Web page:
Au Pair – Everything you need to know when becoming an Au Pair

Being an Au Pair is such an awesome experience! Getting the chance of cultural exchange for a couple of months or longer sounds quite exciting for many young people. Living in a foreign country as an Au Pair, learning about the country and people, improving language skills, meeting many other young people from all over the world, and spending time with these new friends sounds absolutely brilliant. And it definitely is!

Many young people can only effort the experience of a cultural exchange as an Au Pair because language schools are generally expensive, and internships are often badly paid so that the salary doesn’t even cover the cost of living.

Therefore, going to a foreign country and living for free with a Host Family as their Au Pair, helping them with their children and household sounds quite tempting. You get paid pocket money and should also have enough leisure time to attend English classes in local colleges and to explore the country. Being an Au Pair is really a great way for everyone to spend some time abroad – at least for everyone who likes children.

If you want to find out more about being an au pair, you can read the following articles about: au pair meaning, au pair application, preparation for the Au Pair job, settling in once you arrive, and au pair life.

How does the Au Pair arrangement work?

The Au Pair arrangement is defined and works on a give-and-take basis: The Au Pair offers the family her/his time to help them with its children and light household duties like cooking, children’s laundry, tidying up after the children and – depending on what was agreed – some cleaning or any other tasks which have been agreed on. In exchange, the Au Pair lives with the Host Family and has her/his separate bedroom (bathroom may be shared), gets food, pocket money and is ideally (!) treated as an additional family member.

The family, on the other side, hosts a young and dynamic person who is taking care of their children and offers another pair of hands in the household or sometimes with the pets. This arrangement is, compared to a nanny, less expensive for the Host Family and the relationship with a live-in Au Pair is often deeper and more family-like in comparison with a nanny who leaves at night.

The family members also benefit from getting to know young people from other cultures and backgrounds which help the children to open their minds and develop a curiosity for other cultures. If the Au Pair and the host children get along well, friendships form and persist longer than the actual stay.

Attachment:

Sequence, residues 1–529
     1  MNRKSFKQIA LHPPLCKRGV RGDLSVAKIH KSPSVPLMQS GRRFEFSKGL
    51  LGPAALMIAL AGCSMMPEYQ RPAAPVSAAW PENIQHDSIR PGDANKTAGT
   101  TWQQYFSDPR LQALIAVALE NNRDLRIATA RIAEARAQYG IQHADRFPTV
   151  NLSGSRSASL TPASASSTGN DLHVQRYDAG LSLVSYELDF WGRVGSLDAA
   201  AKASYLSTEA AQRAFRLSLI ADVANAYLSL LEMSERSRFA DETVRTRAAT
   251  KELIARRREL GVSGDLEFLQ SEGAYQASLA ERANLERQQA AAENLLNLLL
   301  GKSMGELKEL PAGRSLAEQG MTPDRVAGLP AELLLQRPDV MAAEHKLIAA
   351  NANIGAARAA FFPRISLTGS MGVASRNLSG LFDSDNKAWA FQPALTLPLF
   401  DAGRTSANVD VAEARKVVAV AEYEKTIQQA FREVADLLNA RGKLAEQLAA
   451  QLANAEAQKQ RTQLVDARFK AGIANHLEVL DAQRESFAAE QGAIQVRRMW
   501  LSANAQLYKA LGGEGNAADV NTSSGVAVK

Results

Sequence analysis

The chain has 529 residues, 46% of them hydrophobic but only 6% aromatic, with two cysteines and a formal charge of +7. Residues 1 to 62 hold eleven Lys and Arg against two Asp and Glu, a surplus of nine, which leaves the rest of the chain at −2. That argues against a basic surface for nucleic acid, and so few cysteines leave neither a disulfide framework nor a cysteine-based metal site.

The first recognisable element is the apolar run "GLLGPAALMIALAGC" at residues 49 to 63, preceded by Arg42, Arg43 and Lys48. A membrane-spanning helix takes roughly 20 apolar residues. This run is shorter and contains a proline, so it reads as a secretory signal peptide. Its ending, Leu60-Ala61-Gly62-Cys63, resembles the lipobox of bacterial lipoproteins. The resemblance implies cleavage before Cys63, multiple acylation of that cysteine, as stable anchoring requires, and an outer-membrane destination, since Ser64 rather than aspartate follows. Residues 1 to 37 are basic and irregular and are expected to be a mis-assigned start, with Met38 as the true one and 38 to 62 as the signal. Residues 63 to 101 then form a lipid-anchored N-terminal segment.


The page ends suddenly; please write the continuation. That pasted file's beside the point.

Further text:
If the Au Pair is willing to, she/he can also teach the children some words or even more of her/his mother tongue which is amazing for the children.

What does live-in Au Pair mean?

To live-in is the common arrangement for Au Pairs. It means that the Au Pair lives together with the Host Family. Some Au Pair jobs are advertised as “live-out Au Pair” positions, but this is not what the common definition of an Au Pair is.

The majority of Au Pairs is young and hence, live with their own family in their native country before they move abroad to live with the Host Family. Because of the young age and natural lack of life experience, it is safer for the Au Pair as well as the Host Family to have them as live-in.

In addition, we also believe that it eases the Au Pair’s biological parents’ minds when they know that their child lives safely in another family’s home. Knowing that there is a family who cares for their child and feels responsible for her/him should reduce their worries.

What do I need to know about being an Au Pair?

If you consider being an Au Pair you should think thoroughly as it is a big step for you and your Host Family will also rely on you. A decision shouldn’t be taken lightly. Going abroad to be an Au Pair and spending an awesome time sounds exciting, but it comes with duties and expectations from the Host Parents. This is something to be aware of when taking a decision.

If you are interested to become an Au Pair, ask yourself what you expect from the year abroad. There are many, many questions that you as an Au Pair candidate should ask yourself before you decide to look for an Au Pair position but the most essential ones probably are: